I must admit I am something of a Monaco misfit, in that I am not much of a shopper. Occasionally yes, but although I love clothes and appreciate how beautifully my friends dress, I don’t enjoy shopping per se and only do so when absolutely necessary.
I still find shopping in Monaco somewhat daunting and rarely fun. You enter a store and are accosted. A salesperson demands to know what you want, need, are looking for – in short, what exactly you are doing on that particular salesperson’s turf. The thinly veiled message here is that you better not be wasting anyone’s time. And if you just want to look around and maybe try on a couple items on your own, uh, no. So unless I need something specific, I rarely go into a store.
But put me back in New York, where I am at the moment, and this Non Shopper goes into something similar to a feeding frenzy. Shopping in America is that irresistible. I was in one of my favorite malls yesterday, and I swear to you, it almost brought tears to my eyes. The selection, the sales, the prices and the service are not to be taken for granted, at least not by this expat. You can browse and look around, try things on to your heart’s content. If you need something, you ask a friendly salesperson and they bring it to you. It’s overwhelming.
I rarely visit the US without at least two or three empty suitcases and often need to buy one more.
The frenzy is contagious, and the M-men have it too. We were in Borders when Harry Potter 7 was released on DVD. My son was beside himself – can we get it, Mom, please? We don’t have it! The price of the DVD, just out that day, was $29. It also happened to be ‘on sale’ for $22. I asked why they didn’t just sell it for $22 right off the bat and the sales guy looked at me and explained that if they did that, they couldn’t put it on sale. Uh, duh! Was I stupid or what? But whatever, it works for me. We bought it for $22 and everyone was happy.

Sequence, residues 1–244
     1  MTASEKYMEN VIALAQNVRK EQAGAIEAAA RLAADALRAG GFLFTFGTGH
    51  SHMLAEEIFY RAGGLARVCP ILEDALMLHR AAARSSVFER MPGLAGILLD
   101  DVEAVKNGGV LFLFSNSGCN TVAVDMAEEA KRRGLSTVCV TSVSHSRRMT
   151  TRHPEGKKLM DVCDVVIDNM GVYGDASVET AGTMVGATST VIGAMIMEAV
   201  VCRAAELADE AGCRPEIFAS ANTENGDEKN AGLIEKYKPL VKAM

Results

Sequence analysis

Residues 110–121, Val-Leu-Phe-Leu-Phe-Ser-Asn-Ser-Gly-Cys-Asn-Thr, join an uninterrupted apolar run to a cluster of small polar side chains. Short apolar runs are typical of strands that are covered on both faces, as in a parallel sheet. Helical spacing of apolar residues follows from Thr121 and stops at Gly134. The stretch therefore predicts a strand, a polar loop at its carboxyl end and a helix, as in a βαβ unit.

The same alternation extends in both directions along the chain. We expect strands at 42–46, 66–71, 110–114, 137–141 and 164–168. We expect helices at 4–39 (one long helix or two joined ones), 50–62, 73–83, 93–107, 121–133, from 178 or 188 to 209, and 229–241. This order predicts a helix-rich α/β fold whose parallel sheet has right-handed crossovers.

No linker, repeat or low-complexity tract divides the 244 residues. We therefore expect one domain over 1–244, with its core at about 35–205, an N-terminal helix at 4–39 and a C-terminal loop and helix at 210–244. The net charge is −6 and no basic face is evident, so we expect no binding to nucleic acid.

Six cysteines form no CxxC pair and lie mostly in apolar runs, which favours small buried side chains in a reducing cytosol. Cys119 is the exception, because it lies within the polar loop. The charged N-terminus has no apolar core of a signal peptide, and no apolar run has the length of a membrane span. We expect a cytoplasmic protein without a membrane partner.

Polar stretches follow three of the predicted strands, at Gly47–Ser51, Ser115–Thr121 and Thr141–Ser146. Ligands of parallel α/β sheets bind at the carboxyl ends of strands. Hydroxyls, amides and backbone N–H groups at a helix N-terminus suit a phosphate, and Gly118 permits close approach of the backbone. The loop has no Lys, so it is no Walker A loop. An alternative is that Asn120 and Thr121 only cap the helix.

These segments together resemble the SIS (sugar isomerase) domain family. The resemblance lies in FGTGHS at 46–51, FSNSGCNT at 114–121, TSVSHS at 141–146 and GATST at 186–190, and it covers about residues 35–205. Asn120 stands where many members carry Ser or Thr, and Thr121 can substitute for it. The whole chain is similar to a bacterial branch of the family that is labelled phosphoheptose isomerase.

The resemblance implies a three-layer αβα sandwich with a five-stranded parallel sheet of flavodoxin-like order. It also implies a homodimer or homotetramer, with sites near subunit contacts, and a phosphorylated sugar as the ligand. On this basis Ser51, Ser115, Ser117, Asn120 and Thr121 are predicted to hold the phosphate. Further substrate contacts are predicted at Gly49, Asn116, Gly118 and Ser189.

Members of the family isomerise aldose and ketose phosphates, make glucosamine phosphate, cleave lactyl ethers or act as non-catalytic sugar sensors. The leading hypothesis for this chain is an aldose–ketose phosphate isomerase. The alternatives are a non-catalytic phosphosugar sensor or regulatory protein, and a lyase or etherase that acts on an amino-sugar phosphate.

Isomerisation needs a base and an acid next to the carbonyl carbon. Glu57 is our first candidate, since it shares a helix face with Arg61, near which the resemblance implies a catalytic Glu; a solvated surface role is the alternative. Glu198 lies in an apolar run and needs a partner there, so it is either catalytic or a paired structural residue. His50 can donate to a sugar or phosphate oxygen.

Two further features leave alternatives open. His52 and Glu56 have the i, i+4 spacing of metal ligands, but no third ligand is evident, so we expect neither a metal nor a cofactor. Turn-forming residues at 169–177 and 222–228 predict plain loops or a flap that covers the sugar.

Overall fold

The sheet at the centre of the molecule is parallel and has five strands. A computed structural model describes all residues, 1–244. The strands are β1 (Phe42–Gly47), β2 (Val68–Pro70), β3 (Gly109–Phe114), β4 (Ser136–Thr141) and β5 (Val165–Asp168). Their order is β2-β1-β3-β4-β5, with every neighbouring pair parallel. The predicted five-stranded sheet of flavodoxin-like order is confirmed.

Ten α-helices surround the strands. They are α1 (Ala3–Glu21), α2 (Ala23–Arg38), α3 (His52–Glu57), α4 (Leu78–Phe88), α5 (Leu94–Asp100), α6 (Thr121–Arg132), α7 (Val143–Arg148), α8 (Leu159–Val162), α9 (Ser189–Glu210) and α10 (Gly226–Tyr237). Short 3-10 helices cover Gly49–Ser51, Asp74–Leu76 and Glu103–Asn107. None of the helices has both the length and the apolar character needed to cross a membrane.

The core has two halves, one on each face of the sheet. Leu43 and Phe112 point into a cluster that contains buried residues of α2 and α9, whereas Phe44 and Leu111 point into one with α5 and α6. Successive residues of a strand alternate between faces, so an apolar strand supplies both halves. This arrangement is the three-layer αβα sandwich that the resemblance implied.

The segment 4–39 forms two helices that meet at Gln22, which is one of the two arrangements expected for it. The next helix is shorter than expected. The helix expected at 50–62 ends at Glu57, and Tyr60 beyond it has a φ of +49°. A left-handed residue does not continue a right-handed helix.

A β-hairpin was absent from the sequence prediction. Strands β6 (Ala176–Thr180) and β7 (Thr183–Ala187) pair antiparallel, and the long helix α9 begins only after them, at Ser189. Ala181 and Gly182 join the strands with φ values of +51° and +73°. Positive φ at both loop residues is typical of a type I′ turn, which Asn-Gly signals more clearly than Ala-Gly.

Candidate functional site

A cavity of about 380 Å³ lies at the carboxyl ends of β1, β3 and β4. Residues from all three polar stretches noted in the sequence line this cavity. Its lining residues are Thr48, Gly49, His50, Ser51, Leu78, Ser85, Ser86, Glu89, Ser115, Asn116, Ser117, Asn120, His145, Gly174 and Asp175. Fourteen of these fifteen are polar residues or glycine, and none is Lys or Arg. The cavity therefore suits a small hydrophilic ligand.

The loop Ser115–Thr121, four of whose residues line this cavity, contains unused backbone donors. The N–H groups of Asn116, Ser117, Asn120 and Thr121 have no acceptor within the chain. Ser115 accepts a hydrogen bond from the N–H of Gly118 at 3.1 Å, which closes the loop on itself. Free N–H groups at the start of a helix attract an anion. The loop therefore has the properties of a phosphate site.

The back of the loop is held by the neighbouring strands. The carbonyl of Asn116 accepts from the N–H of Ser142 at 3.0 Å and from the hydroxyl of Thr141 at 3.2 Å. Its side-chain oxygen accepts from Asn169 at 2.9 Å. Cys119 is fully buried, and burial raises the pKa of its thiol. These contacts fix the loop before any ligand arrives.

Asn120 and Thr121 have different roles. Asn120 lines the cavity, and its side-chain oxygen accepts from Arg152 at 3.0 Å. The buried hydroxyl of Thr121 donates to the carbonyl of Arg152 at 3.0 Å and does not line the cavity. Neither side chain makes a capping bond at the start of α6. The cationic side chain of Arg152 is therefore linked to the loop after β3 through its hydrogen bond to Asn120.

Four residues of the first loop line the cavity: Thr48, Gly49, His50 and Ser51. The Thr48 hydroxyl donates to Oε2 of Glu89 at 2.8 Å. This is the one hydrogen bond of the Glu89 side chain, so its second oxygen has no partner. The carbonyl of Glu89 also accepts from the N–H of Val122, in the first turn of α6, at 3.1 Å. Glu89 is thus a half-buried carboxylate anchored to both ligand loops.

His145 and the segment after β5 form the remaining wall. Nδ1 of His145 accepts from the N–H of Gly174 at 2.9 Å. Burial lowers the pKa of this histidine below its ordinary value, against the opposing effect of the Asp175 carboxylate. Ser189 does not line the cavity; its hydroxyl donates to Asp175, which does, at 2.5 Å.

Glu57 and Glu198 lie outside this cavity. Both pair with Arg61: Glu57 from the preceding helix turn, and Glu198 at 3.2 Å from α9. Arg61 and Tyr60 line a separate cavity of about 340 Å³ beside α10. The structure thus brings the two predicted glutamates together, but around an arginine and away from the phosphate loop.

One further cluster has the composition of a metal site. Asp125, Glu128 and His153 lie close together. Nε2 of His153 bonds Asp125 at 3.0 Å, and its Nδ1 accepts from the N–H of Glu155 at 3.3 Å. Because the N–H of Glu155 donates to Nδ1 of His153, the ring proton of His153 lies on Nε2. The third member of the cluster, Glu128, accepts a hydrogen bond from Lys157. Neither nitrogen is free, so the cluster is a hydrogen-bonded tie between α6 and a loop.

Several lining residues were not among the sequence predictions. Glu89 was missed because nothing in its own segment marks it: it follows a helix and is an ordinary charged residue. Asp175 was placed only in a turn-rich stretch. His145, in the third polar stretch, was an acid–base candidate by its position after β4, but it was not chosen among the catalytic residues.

The same is true for clothes. Abercrombie is of course, a huge draw for the boys and it seems that at any given time literally three quarters of the merchandise is marked down between 30 and 50 percent. Add to that a favorable exchange rate, and you need an entire suitcase just for that store.
And it’s completely stress free shopping. You buy something, take it home and try it on again. If you decide it’s not quite as flattering as it seemed in front of the skinny mirrors with the music blaring and the dim lights, then no problem, you take it back. Heaven forbid you need to return something in Monaco – there it’s store credit only, Madame. I know this is due to smaller shops and limited inventory, but it does add to the already considerable pressure of shopping there.
So I do virtually all my shopping, the boys' shopping, the household shopping and much miscellaneous shopping in America. With the lower prices, even an occasional mistake is no biggee. Going through customs, however, is another story – one that merits another blog. I’ll get to it, but not right now. It’s time to go shopping.